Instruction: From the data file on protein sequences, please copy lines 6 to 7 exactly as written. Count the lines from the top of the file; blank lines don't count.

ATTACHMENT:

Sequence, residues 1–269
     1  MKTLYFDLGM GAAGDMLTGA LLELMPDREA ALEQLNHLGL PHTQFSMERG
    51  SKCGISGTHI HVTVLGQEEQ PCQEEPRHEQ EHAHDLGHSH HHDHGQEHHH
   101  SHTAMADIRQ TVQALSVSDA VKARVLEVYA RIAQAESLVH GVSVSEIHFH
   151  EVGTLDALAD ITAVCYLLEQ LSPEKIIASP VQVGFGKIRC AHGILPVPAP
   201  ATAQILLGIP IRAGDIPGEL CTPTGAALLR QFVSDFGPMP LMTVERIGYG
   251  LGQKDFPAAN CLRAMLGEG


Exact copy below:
   201  ATAQILLGIP IRAGDIPGEL CTPTGAALLR QFVSDFGPMP LMTVERIGYG
   251  LGQKDFPAAN CLRAMLGEG